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Auctioning second-hand domains gives rise to another Internet

SHARE Auctioning second-hand domains gives rise to another Internet

The Internet address www.flu.com is for sale, and its sellers think it is worth $1.4 million.

The address does not lead to a World Wide Web site, and it never has. Its estimated value seems to arise mostly because such an easy-to-remember destination is available for sale at all.

Because flu.com and virtually all of the other catchy Web addresses ending in ".com" have already been claimed, the value of such unused names has risen sharply. Into this speculative field have come a growing number of companies that have built businesses just by helping owners resell the names they no longer want or need.

"The whole market is shifting; it's now all about the secondary market," said Jeff Tinsley, chief executive of GreatDomains.com, a Los Angeles company that is one of the largest resellers of names. "All the best names are bought up."

Original domain name registrations once all cost $35 a year. That lasted, for the most part, until this year, when Network Solutions Inc., which had a monopoly on registrations, lost its government contract. Now, more than 50 companies compete to register addresses, new and old, and the rivalry has driven prices as low as $8.

But for the best generic and catchy domain names, prices are soaring. Early this year, several domain names sold for astronomical amounts — business.com for $7.5 million, loans.com for $3 million and beauty.com for $1 million.

The appraisers of flu.com evidently considered those sales when setting their asking price June 28. Since 1995, the address has belonged to Procter & Gamble Inc., which registered hundreds of similar generic names like beautiful.com and scent.com. After five years, the company has realized that it does not need so many generic domain names. So it decided to sell them, using GreatDomains.com to supervise the transactions.

"When we acquired these names, we acted to procure anything that was potentially useful for Procter & Gamble," explained Terri Carrick, a spokeswoman for the company, which is keeping domains for its brand-name products, like Crest.com and Pringles.com. Now, though, company officials realize that these unneeded names can be worth money.

GreatDomains has more than 1 million domain names for resale on its site. The other leading reseller, Afternic.com, based in New York, has just more than 250,000. Most sales are for "com" domain names, but "net" and "org" names are also available, and some companies are auctioning names with two-letter country codes, like .tv for the tiny nation of Tuvalu.

Last month, Network Solutions, the one-time monopoly, launched its own forum for reselling domain names. The company says it will not charge either buyers or sellers a handling fee or a commission. It hopes instead that the traffic the forum brings to the site will generate customers for its other services, like domain-name appraisals and Internet starter kits that include Web site design and e-mail.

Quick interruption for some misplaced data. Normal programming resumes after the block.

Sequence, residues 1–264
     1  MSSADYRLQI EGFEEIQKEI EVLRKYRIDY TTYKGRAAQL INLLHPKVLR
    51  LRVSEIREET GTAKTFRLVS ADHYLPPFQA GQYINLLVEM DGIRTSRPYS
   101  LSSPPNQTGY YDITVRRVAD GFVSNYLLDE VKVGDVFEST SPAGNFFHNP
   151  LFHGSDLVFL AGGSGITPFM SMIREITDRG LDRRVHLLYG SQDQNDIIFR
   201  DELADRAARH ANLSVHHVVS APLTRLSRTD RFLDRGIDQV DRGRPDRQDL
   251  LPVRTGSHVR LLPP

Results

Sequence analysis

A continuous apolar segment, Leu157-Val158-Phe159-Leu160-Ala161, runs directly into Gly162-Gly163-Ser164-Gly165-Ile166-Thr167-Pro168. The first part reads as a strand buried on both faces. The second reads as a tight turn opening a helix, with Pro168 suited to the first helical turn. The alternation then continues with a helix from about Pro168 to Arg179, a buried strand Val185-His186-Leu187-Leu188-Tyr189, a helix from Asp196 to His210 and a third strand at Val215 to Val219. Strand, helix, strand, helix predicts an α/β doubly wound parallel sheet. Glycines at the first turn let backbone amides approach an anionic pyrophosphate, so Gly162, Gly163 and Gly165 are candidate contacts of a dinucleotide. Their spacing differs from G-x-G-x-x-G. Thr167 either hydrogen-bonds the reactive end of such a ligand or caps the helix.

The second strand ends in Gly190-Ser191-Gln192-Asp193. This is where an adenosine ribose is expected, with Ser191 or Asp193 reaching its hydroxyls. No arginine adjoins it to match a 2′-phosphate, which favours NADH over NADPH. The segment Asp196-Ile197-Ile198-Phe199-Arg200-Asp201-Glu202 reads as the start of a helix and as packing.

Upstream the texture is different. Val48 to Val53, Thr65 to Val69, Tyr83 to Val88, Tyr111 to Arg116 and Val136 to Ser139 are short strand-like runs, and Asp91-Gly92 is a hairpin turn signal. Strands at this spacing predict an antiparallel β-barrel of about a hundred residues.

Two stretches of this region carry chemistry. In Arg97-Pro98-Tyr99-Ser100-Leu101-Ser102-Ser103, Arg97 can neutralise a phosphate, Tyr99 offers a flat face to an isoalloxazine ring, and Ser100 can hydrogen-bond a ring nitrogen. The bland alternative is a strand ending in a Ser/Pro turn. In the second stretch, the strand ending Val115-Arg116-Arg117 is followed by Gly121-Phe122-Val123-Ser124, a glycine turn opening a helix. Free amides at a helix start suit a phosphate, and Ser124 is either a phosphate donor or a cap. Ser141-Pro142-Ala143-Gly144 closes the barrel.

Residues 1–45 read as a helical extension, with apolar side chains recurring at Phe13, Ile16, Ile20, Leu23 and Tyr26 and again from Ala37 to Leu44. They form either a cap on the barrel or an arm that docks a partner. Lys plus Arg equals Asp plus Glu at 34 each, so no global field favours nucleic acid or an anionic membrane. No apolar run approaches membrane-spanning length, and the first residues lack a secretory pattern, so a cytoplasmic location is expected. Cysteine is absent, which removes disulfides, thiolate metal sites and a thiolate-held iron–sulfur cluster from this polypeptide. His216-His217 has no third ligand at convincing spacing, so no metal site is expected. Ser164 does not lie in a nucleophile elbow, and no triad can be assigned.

"Two years ago, registering a name was plenty," said Christopher Clough, a vice president of communications for Network Solutions. "It was enough to fulfill demand. It was fresh, novel and important. But that was two years ago. Today, it is literally not enough, because there is a very interesting dynamic happening in the market."

That dynamic is the rise of resellers like GreatDomains.com and Afternic.com, which both charge a commission. At GreatDomains, where 25 domain names have asking prices of more than $1 million, that could mean substantial fees once the company takes 7 percent to 10 percent from sellers. Afternic charges 5 percent to buyers.

GreatDomains says its average auction brings in $10,000; Afternic says its average is closer to $3,000.

Like any other arena, the domain-name broker industry includes companies of varying size. Many smaller companies have auctioned domain names for years. YahooAuction, owned by Yahoo, and eBay have together listed between 10,000 to 15,000 domain names. Other sites carry hundreds or a few thousand names, like domain4auction.com, hitdomain.com, listadomain.com, dngcom.com and domainmart.com, (where Register.com, a New York company, also plans to add auctions to its site.

Tinsley, of GreatDomains.com, said he thinks his company has built enough of a reputation to withstand new competition.

"We're in the fortunate position to be the clear leader in the secondary market," he said. "We've figured out what it takes to get the names sold."

Procter & Gamble, meanwhile, is in no hurry to sell flu.com. The company says it has had several inquiries, but predicted the auction could take three to six months.

"We're waiting for the right customer," Carrick said, meaning one who could pay $1.4 million. "We've had these names appraised. The listing price is reflective of the estimated value. It's like finding valuable artwork in the attic of a 163-year-old house."

Archive articles:

July 10, 2000: Beyond dot-com: Net group grapples with new names

July 5, 2000: ‘Netizens’ can elect directors who supervise Internet

On the Web:

The Internet Corporation for Assigned Names and Numbers (ICANN)

List of companies accredited to assign domain names